So when you’re looking around you and you’re seeing guys that are experiencing fear, are they crossing themselves and praying or swearing or crying or all of the above?
I haven’t any idea, I didn’t do
those things I just hoped that everything would turn out all right. I guess there were fellas that had to do that, I suppose, cross themselves or whatever, but you know you’re always of the opinion it’s not going to happen to me anyway. It happens to somebody else.
Were there guys, especially because there are some of them only eighteen years old, are there guys that aren’t coping while all this is going on?
I’m sorry but the situation was that you were there and there wasn’t anything you could do about it. It was the situation at the time and whatever will be will be. You couldn’t avoid if your numbers were up. We didn’t lose very many I don’t think with bombing apart from on the ship and that was a prime target of course.
Otherwise we were well spread out around the drome.
Were there ever guys that were caught naked or?
Oh yes, my friend Bill Guest, I think he got caught down on the drome because that was a very vulnerable place to be, right down on the drome,
in defence there and they had a gun down there and of course they had very small Bofors guns for low flying aircraft and they were stationed right on the drome, right on the strip, at the edge of the strip, very dangerous work there and Bill got caught, finished up in a slit trench, in a latrine. he took the first hole he came across and it happened to be a latrine.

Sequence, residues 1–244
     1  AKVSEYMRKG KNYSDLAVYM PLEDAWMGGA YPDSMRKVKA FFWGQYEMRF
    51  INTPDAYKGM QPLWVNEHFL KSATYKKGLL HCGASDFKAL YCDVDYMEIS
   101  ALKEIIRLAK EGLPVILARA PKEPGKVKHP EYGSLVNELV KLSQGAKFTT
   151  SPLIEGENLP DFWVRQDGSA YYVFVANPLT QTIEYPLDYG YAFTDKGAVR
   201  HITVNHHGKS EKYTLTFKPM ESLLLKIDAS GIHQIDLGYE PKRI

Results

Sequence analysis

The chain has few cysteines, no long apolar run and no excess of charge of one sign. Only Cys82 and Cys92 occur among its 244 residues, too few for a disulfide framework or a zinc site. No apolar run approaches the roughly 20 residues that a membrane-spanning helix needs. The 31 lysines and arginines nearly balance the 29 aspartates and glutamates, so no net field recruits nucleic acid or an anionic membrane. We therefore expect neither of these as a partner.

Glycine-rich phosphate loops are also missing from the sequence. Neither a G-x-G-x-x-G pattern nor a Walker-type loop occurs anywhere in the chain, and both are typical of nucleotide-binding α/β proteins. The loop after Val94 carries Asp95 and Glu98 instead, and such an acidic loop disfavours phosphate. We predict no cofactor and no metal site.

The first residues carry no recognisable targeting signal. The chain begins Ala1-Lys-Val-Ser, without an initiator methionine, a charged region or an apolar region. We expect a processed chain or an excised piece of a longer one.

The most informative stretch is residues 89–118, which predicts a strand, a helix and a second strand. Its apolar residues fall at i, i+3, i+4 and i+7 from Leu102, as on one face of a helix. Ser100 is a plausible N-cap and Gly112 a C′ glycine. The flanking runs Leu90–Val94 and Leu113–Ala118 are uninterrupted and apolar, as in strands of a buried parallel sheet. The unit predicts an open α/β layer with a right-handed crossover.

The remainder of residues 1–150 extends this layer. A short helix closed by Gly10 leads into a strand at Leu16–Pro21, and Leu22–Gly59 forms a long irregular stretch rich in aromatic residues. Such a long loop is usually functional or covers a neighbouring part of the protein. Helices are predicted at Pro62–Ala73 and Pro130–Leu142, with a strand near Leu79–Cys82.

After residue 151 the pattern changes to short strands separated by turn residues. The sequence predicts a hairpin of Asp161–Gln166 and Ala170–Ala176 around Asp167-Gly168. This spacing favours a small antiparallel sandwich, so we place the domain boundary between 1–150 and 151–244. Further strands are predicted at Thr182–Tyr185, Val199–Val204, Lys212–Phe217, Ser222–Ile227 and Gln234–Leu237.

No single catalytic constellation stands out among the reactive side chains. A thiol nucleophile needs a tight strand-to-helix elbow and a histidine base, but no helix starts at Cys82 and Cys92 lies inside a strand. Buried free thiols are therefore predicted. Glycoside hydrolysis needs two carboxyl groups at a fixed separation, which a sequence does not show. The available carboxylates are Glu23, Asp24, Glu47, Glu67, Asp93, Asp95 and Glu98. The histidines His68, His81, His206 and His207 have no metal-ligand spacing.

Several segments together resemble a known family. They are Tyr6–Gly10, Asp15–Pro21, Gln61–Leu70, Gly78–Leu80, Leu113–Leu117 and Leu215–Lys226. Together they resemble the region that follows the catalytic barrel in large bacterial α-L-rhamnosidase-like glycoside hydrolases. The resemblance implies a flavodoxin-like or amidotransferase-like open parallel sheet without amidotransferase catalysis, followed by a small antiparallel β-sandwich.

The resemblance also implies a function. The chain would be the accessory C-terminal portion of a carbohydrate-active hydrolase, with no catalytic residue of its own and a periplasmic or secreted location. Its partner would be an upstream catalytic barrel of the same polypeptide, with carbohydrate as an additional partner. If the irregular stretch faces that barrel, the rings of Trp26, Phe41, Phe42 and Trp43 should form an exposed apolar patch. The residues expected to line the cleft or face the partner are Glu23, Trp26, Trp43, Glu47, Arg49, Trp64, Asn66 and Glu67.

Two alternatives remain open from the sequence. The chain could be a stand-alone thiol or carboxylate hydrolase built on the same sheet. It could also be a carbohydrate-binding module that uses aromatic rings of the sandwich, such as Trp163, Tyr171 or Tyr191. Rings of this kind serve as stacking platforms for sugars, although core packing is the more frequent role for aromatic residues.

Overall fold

Bill tells the story pretty, he didn’t get anything other than a dirty pair of clothes.
When something like that happens is that something that afterwards…?
It’s good fun ,yes.
Did he get a bit of a ribbing after that?
I guess so yeah. I wasn’t actually alongside him at that time but that would be the case, yeah.
When you see that sort of thing in a movie, obviously they’re creating the noises that are going on, what sort of noise is actually…?
Well you’ve got a lot of noise from the aircraft engines, yeah. Lots and lots of noise and of course the
screaming bombs coming down. Alternatively, the two or three machine guns firing automatically from the flying aircraft strafing and whatnot, a lot of din goes on, and of course the off-shoot that again is our ack-ack [anti-aircraft] guns are laying into them too trying to bring them down. It’s a hell of a lot of big booms going on there.
What was the noise that you described the screaming bombs?